As the philosopher Wittgenstein pointed out, many of the words we use tend to share a family resemblance rather than just having exact, precise and rigid meanings. The broad meaning of a word is then discovered by examining the range of ways in which it is used. This does not, however, mean that usages of words don't also have rough and ready boundaries. Dictionaries are into the business of attempting to define words for us and, therefore, offer a precision which attempts to get to the heart of their use. My Concise Oxford Dictionary defines an anti-Semite as being "a person hostile to or prejudiced against Jews". Whilst Wittgenstein encourages us to go beyond such exact definitions for its interconnected usages, this does not mean that there is a need to substitute dictionary style and brief definitions for over-elaborate ones which then seek to capture the use of a word. Whilst there is nothing wrong with the International Holocaust Remembrance Alliance stressing its concerns about anti-semitism in its own elaborate statement containing no less than eleven categories, this does not make their statement THE definition of anti-semitism which anyone discussing the issue is obliged to adopt. Someone might wish to add extra items and rewrite others. As long as our approach has a wide ranging anti-racist stance which firmly condemns anti-semitism we are on the right track. People who stress different aspects of anti-semitism can still hold meaningful conversations on the issue, even if they are given to stressing diverse points. And we should always encourage the dialectics of debate – whilst avoiding extreme arguments.

But I do feel that if anti-semitism was a serious issue in today's Labour Party that I would have come across its depth by now. I am, of course, more than happy to seek to explore any specific charges and details about its current operations, having just discovered these claims made in the Spectator almost a year ago -


 Image result for Labour the Road Ahead

Labour needs to tackle the above issues whilst getting on with pressing to overcome massive major problems such as climate change, wide scale impoverishment, social disruption and helping to deal with a mass of international disasters such as the situation in the Yemen. Yet we must also face up to what we can deliver as a hoped for future Government.  The power of international capitalism is massive. It holds powers to block and undermine social reforms. Many issues need to be dealt with on an international stage. A tactic of persistent gradualism is needed. So that as soon as any specific reform is undermined, action is taken to tackle such a development.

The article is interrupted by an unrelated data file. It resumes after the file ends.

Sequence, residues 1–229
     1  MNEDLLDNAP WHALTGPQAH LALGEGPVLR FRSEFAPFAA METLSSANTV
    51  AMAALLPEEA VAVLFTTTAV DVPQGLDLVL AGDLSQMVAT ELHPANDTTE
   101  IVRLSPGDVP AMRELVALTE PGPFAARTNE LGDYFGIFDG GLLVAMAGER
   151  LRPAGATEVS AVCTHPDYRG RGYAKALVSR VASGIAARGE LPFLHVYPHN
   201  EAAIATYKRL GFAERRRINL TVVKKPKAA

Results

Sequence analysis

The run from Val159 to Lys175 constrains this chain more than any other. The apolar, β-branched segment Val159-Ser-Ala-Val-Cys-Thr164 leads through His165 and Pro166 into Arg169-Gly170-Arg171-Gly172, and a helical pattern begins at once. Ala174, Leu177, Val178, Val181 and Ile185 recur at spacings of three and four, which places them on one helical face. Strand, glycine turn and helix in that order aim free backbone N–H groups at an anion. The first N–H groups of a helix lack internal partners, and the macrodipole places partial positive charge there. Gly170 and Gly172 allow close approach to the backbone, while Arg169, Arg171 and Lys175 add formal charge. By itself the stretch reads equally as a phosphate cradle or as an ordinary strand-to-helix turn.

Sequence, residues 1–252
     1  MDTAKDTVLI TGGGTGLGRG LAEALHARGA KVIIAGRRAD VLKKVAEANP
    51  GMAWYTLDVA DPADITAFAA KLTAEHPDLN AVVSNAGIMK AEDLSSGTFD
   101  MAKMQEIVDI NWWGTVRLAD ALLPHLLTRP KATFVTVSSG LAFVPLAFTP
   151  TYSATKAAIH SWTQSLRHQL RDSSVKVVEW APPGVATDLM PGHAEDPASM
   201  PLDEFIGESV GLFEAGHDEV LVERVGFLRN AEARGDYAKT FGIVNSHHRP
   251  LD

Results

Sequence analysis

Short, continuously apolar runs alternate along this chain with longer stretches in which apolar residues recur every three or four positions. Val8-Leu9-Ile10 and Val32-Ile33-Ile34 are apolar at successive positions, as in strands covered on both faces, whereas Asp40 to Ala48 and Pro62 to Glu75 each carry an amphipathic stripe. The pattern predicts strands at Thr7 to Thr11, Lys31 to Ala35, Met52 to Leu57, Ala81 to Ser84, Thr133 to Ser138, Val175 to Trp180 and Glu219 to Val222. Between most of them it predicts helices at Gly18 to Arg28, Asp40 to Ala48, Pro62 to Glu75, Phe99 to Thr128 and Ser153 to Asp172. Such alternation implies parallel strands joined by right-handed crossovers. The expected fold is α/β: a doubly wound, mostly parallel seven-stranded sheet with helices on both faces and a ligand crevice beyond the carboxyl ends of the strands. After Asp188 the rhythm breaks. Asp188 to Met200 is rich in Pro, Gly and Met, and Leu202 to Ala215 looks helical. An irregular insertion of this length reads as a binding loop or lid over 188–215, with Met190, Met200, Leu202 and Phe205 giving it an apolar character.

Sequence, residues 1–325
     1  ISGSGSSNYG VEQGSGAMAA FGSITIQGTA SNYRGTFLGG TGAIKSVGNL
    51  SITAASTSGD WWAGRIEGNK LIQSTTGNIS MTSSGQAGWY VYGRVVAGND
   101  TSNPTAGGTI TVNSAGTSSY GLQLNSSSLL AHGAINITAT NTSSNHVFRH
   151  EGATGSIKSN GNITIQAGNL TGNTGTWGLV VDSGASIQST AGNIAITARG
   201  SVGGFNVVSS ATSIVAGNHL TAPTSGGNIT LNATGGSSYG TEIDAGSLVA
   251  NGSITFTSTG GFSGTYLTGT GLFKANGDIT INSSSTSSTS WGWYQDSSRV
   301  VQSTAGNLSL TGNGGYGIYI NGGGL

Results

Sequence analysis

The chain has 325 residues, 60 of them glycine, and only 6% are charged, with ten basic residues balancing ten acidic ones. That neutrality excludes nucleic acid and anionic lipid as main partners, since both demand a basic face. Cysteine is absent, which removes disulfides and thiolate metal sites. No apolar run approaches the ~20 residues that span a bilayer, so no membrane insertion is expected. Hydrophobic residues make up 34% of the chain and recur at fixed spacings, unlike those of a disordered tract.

Added 10 March : This past item indicates my general approach to the leadership of Corbyn. Click here.

Added 15 March : Further turmoil in the Parliamentary Labour Party over the Commons' vote as to whether there should be a second referendum on Brexit. The official line was to abstain. 202 did this or otherwise did not vote. 41 MPs broke the whip. 24 voting in favour of a fresh referendum and 17 against the proposal. As a consequence, five of those who voted against have resigned from their front bench roles in the whips office and elsewhere. If I had still been an MP, I would have been with them. Click here.   

Added 23 March : "Labour won't win power if we abandon working class LEAVE voters". Click here.
But so we don't go over the top in doing this and then smash the economy via an extreme Brexit, the best option is probably Teresa's deal. Especially if the Irish Government would help us to bring about the removal of the backstop. 

Added 2 April : I hope to return to this matter. On the issue of Anti-Semitism in the Labour Party, Prof Alan Johnson has recently published a document giving 134 examples of claimed acts of anti-semitism arising from within the Labour Party. Although some of these refer to people who are also mentioned in earlier examples. Yet one example refers to some 50 cases. These need to be carefully examined to determine their nature, relevance, standing and significance. Click here. 
There is also this item which I have just discovered about Ken Livingstone to whom I referred to above on the anti-semitism issue . See.  
Then there is this from almost 3 years ago.

Added 12 April : I have just come across this detailed criticism of Ken Livingstone's stance on the relationship which he claimed existed at one time between Hitler and Zionism. It covers wider ground than that which I was aware of.   Click here